As humans, we have five senses (sight, touch, smell, taste and hearing). A lot of us tend to rely on sight the most, but this week we are going to explore a day in the field from the perspective of my ears.

I awake to the raspy call of an Eastern Phoebe at 6:30 am. He says his name over and over; “Fee-bee, Feee-beeee”. It is 8:00 now, and time to embark on our morning commute. But this is no ordinary car ride, instead, we travel by canoe. Pushing off the dock, the first plunge of the paddle breaks the stillness of the lake with a “splash”. Off to the races, we begin the rhythmic “dip and swing, dip and swing”. The water trickles off the end of my paddle with a subtle “drip” as we near our destination.

Photo by John Ning

There is a commotion up ahead. We have spooked a Great Blue Heron from his resting site. We hear his beating wings as he takes off. We pull into our first site, and I take out the telemetry equipment. Our task is to find Blanding’s Turtle number 27. The transmitter on his shell will lead me to him. I turn on the receiver and raise the antenna into the air. Slowly, I stand up as the canoe rocks back and forth, making ripples on the water below. I listen intently: “beep…beep…beep”. I hear my partner let out a sigh of relief. This means 27 is close by. We hop out of the canoe and follow the direction of the beeping. They grow louder as we get closer. The moss and vegetation squishes under my feet.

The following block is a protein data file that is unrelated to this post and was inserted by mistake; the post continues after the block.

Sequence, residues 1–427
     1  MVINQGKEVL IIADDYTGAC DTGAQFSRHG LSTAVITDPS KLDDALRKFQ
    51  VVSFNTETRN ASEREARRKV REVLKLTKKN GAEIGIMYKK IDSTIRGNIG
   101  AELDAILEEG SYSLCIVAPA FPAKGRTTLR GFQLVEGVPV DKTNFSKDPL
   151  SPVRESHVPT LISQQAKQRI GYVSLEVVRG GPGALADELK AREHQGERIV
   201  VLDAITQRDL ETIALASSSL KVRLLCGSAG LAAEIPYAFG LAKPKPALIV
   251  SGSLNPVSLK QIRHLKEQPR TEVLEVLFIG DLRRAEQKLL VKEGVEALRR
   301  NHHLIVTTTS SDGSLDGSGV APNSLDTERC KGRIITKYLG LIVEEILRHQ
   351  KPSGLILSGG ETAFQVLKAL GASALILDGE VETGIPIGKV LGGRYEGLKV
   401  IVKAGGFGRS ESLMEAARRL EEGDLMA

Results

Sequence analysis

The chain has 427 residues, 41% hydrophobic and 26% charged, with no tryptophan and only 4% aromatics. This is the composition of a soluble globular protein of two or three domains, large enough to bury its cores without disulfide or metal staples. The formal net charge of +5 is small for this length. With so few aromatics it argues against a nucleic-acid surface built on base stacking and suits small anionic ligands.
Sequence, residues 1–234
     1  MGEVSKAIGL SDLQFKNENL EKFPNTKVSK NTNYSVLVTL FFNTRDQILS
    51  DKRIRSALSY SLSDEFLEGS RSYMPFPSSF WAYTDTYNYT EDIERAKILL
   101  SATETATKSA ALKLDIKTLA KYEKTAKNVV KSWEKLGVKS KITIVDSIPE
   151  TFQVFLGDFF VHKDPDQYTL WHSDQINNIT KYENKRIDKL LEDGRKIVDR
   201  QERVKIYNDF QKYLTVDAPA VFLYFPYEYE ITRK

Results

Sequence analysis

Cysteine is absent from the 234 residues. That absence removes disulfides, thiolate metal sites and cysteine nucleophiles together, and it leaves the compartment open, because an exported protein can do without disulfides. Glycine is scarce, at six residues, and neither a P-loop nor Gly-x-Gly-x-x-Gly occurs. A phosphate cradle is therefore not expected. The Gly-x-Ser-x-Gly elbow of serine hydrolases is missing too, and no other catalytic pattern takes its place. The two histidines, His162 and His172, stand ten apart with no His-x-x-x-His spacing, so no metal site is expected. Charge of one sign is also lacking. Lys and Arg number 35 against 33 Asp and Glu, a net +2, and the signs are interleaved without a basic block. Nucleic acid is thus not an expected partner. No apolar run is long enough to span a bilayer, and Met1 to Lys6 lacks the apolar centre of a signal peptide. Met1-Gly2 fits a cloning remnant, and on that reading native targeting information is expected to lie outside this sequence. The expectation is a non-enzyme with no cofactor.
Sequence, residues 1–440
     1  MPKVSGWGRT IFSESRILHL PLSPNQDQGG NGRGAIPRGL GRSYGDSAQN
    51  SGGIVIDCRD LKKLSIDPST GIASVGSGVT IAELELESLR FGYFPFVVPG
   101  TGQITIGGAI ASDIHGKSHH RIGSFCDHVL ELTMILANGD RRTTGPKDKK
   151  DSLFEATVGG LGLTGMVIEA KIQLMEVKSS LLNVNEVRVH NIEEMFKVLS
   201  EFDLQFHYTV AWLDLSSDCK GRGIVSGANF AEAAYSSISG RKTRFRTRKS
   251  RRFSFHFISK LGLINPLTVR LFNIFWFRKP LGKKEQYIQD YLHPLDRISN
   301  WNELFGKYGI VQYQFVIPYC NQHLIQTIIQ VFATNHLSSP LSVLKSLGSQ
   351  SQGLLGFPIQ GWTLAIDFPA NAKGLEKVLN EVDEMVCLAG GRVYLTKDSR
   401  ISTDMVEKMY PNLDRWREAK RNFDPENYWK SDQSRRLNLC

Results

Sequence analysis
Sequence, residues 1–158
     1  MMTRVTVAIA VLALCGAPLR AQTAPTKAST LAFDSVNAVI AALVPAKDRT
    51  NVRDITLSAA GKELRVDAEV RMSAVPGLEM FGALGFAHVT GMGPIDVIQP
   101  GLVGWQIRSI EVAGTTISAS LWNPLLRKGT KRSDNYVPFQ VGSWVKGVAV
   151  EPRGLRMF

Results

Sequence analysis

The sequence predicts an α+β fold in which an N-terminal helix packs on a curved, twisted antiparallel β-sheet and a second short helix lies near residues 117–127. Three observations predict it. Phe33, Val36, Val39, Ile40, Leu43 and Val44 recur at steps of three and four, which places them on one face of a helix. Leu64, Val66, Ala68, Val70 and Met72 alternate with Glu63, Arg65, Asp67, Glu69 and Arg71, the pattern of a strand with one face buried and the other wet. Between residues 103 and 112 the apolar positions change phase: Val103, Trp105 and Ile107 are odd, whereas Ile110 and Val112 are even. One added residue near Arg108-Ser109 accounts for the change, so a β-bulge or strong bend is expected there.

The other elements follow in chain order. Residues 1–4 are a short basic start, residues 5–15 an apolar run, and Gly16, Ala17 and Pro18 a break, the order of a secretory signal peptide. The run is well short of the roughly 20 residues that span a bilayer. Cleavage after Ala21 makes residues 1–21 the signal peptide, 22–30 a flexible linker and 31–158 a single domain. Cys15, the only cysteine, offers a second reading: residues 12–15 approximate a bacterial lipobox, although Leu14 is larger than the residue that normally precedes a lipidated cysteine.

Photo by Kelton Adderley-Heron

“PLOP!” I turn my head, hoping the sound is from my target, but alas I have just spooked a Green Frog. I put the receiver to my ear “beep…beep…beep”. They have gone quieter. We are heading in the wrong direction. With an exasperated sigh, I head back the way I came, retracing my steps through the marsh. It is mid-day now, and the flies have begun to swarm noisily over my head. They buzz in my ears as I try to swat them away and focus on finding this turtle.

“Conk-la-reee!” The familiar trill of the Red-winged Blackbird is constant as I trudge through the marsh. I point the antennae downwards; “BEEP… BEEP”. He is somewhere close by. “Splash!” 27 jumps from where he is basking, giving away his location. With lightning speed, my partner lunges for him. “Got him!” she exclaims. She looks at 27, “there you are, you sneaky turtle”. We check him for injuries, record some information about his habitat and behaviour on the datasheet, and let him go. He makes a “sploosh” and then silently swims away.

Juvenile Blanding’s turtle with a transmitter attached to its carapace

It is late afternoon now, and clouds roll in overhead. The “jug-a-rum” of the American Bullfrogs has ceased. The Northern Flicker stops his persistent and piercing “Kuk Kuk Kuk”. I hear a quiet drizzle on the water around me. A storm is coming. We begin the paddle back towards the cabin. The wind picks up and howls around us. The rain beats against my hood now as we paddle faster, trying to outrun the storm. Thunder rumbles in the distance as we stack the canoes by the shed. We made it! We run inside as lighting cracks across the lake.

It is dusk, and the storm has passed revealing a peaceful evening. As I prepare for bed, the Eastern Whip-poor-will calls outside the window as he chants his name. “Whip-poor-will… whip-poor-will”. I snuggle into bed. As I drift off, I hear the eerie wail of the loon.

Loon by Kelton Adderley-Heron